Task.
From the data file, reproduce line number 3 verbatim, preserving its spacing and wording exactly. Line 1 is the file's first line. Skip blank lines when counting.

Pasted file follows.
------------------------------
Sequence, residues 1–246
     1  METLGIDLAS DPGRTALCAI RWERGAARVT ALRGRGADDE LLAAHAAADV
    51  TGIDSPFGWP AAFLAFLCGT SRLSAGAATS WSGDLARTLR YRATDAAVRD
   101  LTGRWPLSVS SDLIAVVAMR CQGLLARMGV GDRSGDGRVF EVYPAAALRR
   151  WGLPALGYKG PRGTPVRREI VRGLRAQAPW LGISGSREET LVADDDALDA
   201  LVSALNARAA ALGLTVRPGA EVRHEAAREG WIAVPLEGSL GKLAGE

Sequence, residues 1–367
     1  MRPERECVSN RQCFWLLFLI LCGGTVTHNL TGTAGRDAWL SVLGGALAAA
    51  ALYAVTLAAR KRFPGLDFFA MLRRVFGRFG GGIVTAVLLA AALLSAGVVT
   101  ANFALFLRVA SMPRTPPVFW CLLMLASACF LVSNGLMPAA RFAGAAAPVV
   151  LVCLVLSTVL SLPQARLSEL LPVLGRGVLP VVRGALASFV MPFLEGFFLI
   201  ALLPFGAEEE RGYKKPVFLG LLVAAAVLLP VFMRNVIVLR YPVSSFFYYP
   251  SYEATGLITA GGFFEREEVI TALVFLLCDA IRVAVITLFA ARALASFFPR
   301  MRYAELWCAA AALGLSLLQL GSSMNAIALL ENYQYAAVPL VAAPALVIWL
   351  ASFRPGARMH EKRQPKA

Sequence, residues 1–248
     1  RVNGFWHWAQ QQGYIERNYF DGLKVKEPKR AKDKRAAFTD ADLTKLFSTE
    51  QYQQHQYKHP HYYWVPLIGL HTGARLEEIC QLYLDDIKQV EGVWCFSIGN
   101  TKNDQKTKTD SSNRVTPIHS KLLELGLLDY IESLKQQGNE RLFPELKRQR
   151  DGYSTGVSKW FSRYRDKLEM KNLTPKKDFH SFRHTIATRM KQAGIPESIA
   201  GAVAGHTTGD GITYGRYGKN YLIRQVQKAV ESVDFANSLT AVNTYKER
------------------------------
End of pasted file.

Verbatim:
    51  TGIDSPFGWP AAFLAFLCGT SRLSAGAATS WSGDLARTLR YRATDAAVRD